Don't sell yourself short, stick to your long-term savings plans

Published February 2nd, 2016 - 12:48 GMT
Short-sightedness can derail your savings. (AFP)
Short-sightedness can derail your savings. (AFP)

Most of the portfolios that we hold today are affected by the current markets. Like they say, it is not easy to stick to the sinking ship. There are concerns and there are persistent pullouts from the long-term plans that people have invested in for their long-term goals of retirement and education.

This article is to help those people who are committed in long-term plans as on date - and are a bit clueless how and where they can go from here to minimise their losses. If you have an offshore investment SIP plan, you will instantly connect with my subject.

When I read that a lot of people are pulling short of their investment, it makes my heart bleed. Long-term goals are made for long-term objectives and short-sightedness may ruin the whole purpose. If you pull out of your investments at this time when market has volatility, it is taxing for you only. You'll be a very sad person and your insurance company will be very happy because they'll charge you that penalty charges for early redemption. When your fund is not doing well, it is not the time to pull out; it is the time to revisit your plan to dust and service it.

In fact, your plan has a lowering value because you chose to leave its servicing to the consultant who sold you that plan. Remember, the consultant's job is to advice you on your financial requirements and address your needs by periodic servicing of the plan. Investment portfolio is your prerogative as you know your risk profile better than anyone else. A consultant can handle sourcing information for you but the choice of selecting your portfolio should not be left with the consultant.

When you bring home a TV with a two-year guarantee, do you not dust it regularly? Do you not service your car after its warranty and service period is over? So when you do a child education plan or a retirement plan make sure you service it on regular basis. Your advisor/consultant will have information on every aspect of the plan/policy that was sold to you.

Every time you see your policy account values ask your adviser why is it so. When the investments are doing good then find out from him why they are doing good and, of course, when they are not doing good then also ask questions. Good or bad account values are not the only indicators of your policy's health. Policy and its longevity depend on the strategy that you adopt and apply to take care of it. We all know the bad times are usually the good time for regular investors. This is Warren Buffet philosophy; we call it dollar cost averaging.

The longer the term, the better are the chances of achieving goals: When you do an SIP/ regular investment, you basically don't look at the market performance, you wait until your planned term date. You save money in fixed intervals called as premiums. When the market is good, your investment is growing.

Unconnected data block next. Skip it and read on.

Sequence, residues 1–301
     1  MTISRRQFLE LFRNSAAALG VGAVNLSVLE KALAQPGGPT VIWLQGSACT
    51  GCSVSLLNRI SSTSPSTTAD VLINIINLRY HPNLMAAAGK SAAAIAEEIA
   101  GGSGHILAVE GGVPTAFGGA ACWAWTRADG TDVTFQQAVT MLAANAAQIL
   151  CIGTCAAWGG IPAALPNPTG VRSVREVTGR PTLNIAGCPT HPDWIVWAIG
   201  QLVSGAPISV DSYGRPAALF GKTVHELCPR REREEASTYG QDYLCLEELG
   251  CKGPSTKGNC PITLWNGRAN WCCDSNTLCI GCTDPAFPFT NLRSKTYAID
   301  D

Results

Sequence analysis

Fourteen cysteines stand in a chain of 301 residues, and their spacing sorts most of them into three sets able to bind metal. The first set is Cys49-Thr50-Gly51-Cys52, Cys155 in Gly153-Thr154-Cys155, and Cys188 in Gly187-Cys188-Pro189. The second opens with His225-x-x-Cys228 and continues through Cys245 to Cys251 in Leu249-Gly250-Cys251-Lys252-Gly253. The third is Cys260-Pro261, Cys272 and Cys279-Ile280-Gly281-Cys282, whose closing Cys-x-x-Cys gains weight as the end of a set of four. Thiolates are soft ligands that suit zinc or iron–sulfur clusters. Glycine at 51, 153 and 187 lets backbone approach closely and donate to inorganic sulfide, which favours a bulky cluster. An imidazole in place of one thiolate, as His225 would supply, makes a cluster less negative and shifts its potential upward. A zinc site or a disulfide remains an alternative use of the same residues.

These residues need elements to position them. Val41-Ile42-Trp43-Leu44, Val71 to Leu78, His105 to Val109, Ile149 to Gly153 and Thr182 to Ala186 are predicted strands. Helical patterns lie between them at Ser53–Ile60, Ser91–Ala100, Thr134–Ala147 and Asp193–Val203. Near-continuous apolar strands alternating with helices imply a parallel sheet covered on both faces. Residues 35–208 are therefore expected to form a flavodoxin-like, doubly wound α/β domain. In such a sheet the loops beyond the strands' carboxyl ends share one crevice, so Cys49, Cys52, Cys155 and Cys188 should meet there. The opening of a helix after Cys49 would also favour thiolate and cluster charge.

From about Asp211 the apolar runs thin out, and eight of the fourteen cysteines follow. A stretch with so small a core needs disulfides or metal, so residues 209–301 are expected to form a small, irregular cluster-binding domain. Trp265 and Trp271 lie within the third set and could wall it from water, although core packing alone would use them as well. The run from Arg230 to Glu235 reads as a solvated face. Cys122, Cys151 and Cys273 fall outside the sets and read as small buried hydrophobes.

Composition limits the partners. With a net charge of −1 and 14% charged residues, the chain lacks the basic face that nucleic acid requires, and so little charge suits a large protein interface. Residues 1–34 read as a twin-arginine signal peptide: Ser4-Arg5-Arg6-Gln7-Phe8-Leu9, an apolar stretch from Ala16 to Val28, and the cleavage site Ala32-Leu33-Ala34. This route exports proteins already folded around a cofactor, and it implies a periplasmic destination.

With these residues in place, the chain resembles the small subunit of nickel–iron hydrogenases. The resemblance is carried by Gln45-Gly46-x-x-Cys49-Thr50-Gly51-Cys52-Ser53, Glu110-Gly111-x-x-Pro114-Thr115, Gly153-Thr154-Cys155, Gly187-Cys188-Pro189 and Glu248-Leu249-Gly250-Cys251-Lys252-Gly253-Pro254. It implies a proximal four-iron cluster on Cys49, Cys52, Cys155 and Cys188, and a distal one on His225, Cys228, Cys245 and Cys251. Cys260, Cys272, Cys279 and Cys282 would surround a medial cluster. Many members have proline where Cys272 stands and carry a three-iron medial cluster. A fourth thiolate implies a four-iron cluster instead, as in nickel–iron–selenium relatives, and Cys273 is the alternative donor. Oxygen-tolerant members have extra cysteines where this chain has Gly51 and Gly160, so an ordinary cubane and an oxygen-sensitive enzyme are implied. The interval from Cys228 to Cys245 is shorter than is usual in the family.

When the market is bad, that's even better, because for the same amount you invest, you are getting more units in return. This dollar cost averaging ensures that your fund doesn't have to grow back to its original point for you to break even, your fund will break even at even low points. Long-term investment plans are only for people with vision. You have to stay invested for the full term to enjoy the benefits. Usually for long-term investments, real returns are not visible until at least five or six years into the plan. One cannot see much gain in the first three years.

'Diversify your portfolio' to reduce your risk: For your various goals, use different types of investment channels. Similar to investment, never put your investment into single fund; if you have options to choose more funds, then your risk is actually reduced. Choose from low-risk funds to protect your capital, medium risk to get you that basic returns and higher risks funds to earn that extra buck that you planned for. Usually the higher risks funds are those that can generate you most returns but fluctuations are very wide as well. Even one should choose different markets to spread the risk of being in one market.

The trick here is not to avoid such investments; the trick is to choose the exact term when you will need the money, choose a spread of funds to minimise the risk and meet your advisor regularly to service your plan and source right information. Most importantly, make your informed decision on choosing the right portfolio. Be involved in the fund choice and do not let anyone else take charge of your policy. When you take charge, you will do responsible changes; when someone else takes charge he ro she may not be able to make the right changes at the right time. Ideally, a portfolio should be assessed every quarter with your advisor.

If you have any unit linked plan that is not going the way you thought it will, call your advisor now and understand the plan first. You have only two choices to save for your future: either you save yourself religiously (a difficult thing to pursue for the long run) or save in any systematic investment like a policy or a plan and be consistent in your saving pattern making use of the market gains.

Policies and plans give you the discipline of regular savings and at the same time an opportunity to beat inflation. Simply saving money at home or in the bank is not a good idea for people who can't be consistent in saving regularly and those who would like to consider the impact of inflation on money. Your money should be given the opportunity to work for you.

by Chanda Lokendra Kundnaney


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